Mineral rights, high-asset Texas divorce

Mineral rights basically refer to ownership rights of resources that exist underground. Such resources typically include gas, coal or oil (commonly referred to as fossil fuels), as well as limestone, salt and various metals. Mineral rights refer to both ownership of rights for underground resources, as well as surface rights. Many people considering filing for divorce in Texas have concerns about property division and transfer of rights as part of their settlement.

If mineral rights are relevant to your high-asset divorce, you’ll want to make sure you clearly understand state laws regarding such issues before signing any type of settlement agreement. There are several key issues to keep in mind. As always, protecting your interests is easiest when you act under experienced legal guidance.

The county that holds your mineral rights will want to see a divorce decree

It’s possible that you registered your mineral rights in a different county from the one that has jurisdiction over your divorce. If that’s the case, be prepared to show the proper county officials your divorce decree. This will be a needed step to transfer ownership rights. The operator (company that holds the oil, gas and mineral lease) will also want to review your divorce decree before executing new ownership papers.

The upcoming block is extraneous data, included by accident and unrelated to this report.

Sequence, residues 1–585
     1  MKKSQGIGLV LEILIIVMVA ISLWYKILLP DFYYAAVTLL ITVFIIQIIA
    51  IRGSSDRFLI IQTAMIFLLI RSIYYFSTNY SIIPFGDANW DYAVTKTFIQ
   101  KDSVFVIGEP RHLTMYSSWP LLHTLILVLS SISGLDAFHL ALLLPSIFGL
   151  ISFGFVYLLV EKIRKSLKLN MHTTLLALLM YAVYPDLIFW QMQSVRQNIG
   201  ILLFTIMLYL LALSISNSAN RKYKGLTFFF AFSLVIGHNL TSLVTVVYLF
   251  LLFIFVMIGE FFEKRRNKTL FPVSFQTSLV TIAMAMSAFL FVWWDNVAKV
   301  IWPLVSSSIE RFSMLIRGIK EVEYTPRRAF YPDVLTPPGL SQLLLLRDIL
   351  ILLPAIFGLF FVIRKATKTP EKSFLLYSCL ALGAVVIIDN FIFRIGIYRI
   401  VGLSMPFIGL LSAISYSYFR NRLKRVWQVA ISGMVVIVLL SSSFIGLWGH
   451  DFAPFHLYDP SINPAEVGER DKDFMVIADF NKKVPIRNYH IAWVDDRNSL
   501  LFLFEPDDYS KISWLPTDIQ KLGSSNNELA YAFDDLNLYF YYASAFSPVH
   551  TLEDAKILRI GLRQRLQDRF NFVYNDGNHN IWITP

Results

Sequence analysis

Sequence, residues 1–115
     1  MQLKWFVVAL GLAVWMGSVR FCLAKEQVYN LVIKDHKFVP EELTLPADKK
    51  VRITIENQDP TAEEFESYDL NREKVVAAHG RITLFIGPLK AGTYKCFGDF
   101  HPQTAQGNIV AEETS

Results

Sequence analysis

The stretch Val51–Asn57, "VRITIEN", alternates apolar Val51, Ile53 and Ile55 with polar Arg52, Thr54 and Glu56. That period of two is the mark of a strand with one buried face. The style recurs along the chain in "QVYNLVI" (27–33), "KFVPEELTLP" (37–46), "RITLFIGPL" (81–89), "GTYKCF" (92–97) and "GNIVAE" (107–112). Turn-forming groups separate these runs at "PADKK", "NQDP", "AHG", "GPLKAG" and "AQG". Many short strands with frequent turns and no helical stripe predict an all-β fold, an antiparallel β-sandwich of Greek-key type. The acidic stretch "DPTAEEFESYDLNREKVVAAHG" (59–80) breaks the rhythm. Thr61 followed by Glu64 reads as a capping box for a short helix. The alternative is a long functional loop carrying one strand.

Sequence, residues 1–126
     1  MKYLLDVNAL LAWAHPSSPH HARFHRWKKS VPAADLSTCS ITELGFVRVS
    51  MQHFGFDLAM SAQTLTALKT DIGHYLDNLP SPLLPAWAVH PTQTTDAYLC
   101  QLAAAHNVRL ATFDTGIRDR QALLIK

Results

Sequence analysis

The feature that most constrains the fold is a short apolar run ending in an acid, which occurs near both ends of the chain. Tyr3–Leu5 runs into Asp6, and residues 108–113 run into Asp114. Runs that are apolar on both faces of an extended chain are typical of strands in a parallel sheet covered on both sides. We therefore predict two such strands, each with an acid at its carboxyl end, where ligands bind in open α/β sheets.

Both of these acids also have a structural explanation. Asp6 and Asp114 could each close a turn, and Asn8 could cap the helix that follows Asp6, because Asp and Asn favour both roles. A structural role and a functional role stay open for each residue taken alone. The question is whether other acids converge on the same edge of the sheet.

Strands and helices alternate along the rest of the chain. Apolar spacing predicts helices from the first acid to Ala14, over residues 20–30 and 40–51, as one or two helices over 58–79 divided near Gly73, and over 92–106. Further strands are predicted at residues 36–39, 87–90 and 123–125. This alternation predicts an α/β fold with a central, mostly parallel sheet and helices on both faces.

Once you have met all requirements, you must approve and sign the mineral rights deed. This is typically the final step in the process to transfer ownership rights following a divorce. In some cases, spouses might agree to place mineral rights in trust, so that they are set aside as an inheritance for a specific beneficiary. Issues may become complex if you own mineral rights but do not own the property where the resources are located.

Selling mineral rights before you sign a settlement agreement

In a high-asset Texas divorce that includes mineral rights, spouses might choose to sell their rights before finalizing their settlement. This results in proceeds the court would split equally between spouses as part of property division proceedings. In many cases, such assets would provide a newly divorced individual with money to invest to generate income or to pay off debts or offset expenses associated with the divorce.

You’ve worked hard to acquire the assets you own. There’s no reason that a divorce should cause financial ruin. By making informed decisions under experienced guidance, you can not only walk away with the maximum to which you have a right, but perhaps also lay the groundwork for a profitable future.